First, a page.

For a really long time, he has been attempting the kind of movies he aspires to make, with not much concern for the BO. The uneven response to his last few films at the ticket window hasn't shaken the confidence that viewers have in his abilities. His past few films were nowhere close to SHIVA, RANGEELA, SATYA, COMPANY, BHOOT, SARKAR, SARKAR RAJ and RAKTA CHARITRA-I, but regardless of the BO outcome, Ramgopal Varma is one film-maker who continues to make movies that he believes in.

    Earlier, in NOT A LOVE STORY and now, in DEPARTMENT, RGV has dared to re-invent the cinematic language by changing the visual imagery. While the visual style is worth applauding and catches your eye instantly -- RGV has filmed in angles not witnessed before in Hindi films -- it's the erratic and inconsistent writing that bogs down DEPARTMENT.

    No one illustrates the underbelly of crime on celluloid as persuasively as RGV. The issue with DEPARTMENT is *not* the beaten to death genre, but the screenplay that has nothing novel to offer. Encounter specialists, ruthless gangsters, inter-gang rivalry, corrupt politicians… haven't we had our fill already? One could never lay blame on RGV for taking the tried and tested route, opting for easy shortcuts while narrating a story. But, in DEPARTMENT, all you remember is style, while the substance goes for a toss.

    Alarmed at the hitherto unseen escalation in underworld criminal activities, the government officials hold a secret meeting in which they take a decision to create a new unit which is unofficially referred to as 'Department'. This special task force is formed to clean up the muck caused by gangsters.



    DEPARTMENT throws light on the power struggle that exists in the police department and one expects RGV to narrate a story we haven't heard or witnessed before. Sadly, the already exhausted genre curtails the maverick film-maker to spring surprises. To put it bluntly, DEPARTMENT is old wine packaged in a brand new bottle. Right from the characters, which we have witnessed in soooo many films of this genre, to the twists and turns in the story, RGV borrows from the past endeavors, instead of moving frontward. Besides, in an attempt to make it more mass-friendly, more 'commercial', RGV forcibly injects a couple of songs in the narrative [barring 'Cheeni', filmed on an alluring Nathalia Kaur] that are completely unwelcome in an enterprise that's out to depict realism.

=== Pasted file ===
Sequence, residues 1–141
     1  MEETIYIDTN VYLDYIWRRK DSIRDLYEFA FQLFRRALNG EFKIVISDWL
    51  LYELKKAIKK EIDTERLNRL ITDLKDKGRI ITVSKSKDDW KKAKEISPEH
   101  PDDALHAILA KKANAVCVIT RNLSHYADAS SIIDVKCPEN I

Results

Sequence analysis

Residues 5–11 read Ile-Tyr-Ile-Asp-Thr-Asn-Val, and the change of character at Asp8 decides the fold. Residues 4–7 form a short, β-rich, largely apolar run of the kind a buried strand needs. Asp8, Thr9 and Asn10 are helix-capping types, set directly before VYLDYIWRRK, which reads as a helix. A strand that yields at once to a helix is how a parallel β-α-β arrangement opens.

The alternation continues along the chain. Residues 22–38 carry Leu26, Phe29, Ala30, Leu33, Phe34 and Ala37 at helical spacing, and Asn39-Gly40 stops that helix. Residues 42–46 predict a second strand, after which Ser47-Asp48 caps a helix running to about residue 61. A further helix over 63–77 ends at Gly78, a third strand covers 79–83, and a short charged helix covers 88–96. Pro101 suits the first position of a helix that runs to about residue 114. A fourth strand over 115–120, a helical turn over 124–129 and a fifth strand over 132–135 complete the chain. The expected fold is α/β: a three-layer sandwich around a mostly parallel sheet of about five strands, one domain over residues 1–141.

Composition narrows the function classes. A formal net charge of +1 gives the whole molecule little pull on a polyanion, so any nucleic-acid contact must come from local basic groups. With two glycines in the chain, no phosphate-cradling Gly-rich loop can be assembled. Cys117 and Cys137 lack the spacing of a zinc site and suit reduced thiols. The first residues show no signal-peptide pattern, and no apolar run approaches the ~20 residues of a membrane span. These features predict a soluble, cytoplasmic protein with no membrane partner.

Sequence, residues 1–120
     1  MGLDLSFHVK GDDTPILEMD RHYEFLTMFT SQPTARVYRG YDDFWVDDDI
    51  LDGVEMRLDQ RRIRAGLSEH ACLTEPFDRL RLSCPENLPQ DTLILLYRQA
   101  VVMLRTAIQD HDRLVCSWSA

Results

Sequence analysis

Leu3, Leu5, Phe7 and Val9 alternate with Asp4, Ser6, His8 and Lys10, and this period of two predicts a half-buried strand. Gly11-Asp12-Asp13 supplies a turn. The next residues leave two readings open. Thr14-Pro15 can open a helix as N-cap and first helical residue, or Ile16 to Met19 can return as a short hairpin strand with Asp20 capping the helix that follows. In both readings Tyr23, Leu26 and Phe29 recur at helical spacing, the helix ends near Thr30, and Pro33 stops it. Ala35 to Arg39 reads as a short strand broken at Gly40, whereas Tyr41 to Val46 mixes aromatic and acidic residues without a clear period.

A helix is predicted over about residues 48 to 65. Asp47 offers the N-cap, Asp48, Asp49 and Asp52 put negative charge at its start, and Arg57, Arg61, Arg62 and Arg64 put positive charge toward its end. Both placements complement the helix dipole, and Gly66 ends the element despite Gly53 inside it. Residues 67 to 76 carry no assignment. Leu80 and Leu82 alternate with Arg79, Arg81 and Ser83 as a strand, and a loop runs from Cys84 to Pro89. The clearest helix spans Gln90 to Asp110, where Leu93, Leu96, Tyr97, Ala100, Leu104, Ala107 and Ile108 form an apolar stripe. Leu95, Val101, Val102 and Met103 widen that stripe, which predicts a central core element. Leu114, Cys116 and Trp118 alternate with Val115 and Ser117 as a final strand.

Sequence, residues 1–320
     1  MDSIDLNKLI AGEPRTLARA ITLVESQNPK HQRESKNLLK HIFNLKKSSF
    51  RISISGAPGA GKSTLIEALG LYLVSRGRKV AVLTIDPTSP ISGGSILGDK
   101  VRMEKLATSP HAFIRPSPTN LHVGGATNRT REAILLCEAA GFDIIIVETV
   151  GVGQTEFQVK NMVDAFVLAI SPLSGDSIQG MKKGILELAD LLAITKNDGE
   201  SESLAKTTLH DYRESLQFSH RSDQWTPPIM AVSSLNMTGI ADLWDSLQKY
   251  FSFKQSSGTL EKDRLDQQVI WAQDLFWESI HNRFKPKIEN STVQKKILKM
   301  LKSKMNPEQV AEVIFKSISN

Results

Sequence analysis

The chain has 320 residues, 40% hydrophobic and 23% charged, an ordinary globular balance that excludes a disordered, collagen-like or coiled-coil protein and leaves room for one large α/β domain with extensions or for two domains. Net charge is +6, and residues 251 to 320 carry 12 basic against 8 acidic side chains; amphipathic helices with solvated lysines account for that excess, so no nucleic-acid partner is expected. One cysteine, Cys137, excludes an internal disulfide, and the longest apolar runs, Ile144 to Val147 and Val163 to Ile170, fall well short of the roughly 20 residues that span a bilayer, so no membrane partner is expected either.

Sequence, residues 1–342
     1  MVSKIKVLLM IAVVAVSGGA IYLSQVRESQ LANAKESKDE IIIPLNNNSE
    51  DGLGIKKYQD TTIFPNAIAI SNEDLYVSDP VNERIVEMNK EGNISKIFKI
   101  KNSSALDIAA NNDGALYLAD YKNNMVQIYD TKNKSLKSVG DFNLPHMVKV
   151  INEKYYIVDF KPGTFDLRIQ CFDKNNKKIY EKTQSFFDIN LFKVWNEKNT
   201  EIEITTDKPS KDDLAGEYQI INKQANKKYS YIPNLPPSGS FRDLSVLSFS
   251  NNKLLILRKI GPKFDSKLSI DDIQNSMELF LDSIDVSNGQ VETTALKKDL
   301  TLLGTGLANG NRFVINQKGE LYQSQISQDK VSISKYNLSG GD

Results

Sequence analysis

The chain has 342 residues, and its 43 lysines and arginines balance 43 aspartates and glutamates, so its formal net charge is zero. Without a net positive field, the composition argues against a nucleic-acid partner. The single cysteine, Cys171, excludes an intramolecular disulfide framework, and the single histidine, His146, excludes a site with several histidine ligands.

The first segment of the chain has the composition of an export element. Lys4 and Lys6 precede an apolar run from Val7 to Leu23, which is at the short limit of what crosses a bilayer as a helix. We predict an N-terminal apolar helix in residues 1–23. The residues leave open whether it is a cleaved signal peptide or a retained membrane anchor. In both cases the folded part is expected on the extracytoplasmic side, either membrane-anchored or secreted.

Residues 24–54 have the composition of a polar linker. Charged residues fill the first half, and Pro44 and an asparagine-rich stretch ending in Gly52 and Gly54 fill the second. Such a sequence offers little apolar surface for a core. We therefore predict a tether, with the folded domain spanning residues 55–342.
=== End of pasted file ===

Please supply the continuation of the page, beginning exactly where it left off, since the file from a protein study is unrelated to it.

DEPARTMENT is soaked in high-voltage drama and action, with a consistent undercurrent of tension. As a matter of fact, there's an overdose of action in the film, though, I must admit, a few action pieces, especially the final showdown between Sanju and Rana, is deftly executed. But the absence of a riveting and absorbing screenplay looms large in the post-interval portions. Sure, some sequences do hit you hard, but the writing tilts heavily towards been-there-seen-that kind of situations persistently, promising little or no surprise as the plot unravels. RGV's obsession with the camera is evident here as well. He does away with the usual visual language this time, which is sure to win him admirers. The background score [Dharam-Sandeep] enhances the impact, while the dialogue are power-packed at times, but plain mediocre at places.

    The central characters get extensive scope and absolutely surrender to RGV's vision. Amitabh Bachchan is remarkably credible. Sanjay Dutt stands out with a prominent performance. But it is Rana Dagubatti who surfaces as an accomplished actor. Rana has remarkable screen charisma and is convincing in his superior portrayal of a cop.



    Vijay Raaz's character lacks meat. Abhimanyu Singh enacts his part with gusto. Madhu Shalini [Abhimanyu's love interest] catches your eye. Laxmi Manchu [Sanju's wife] is proficient. Anjana Sukhani underplays her part wonderfully. Deepak Tijori doesn't get much scope.

    On the whole, DEPARTMENT is neither novel, nor experimental, but a return to the tried and tested formula. Disappointing!
    ...being a human...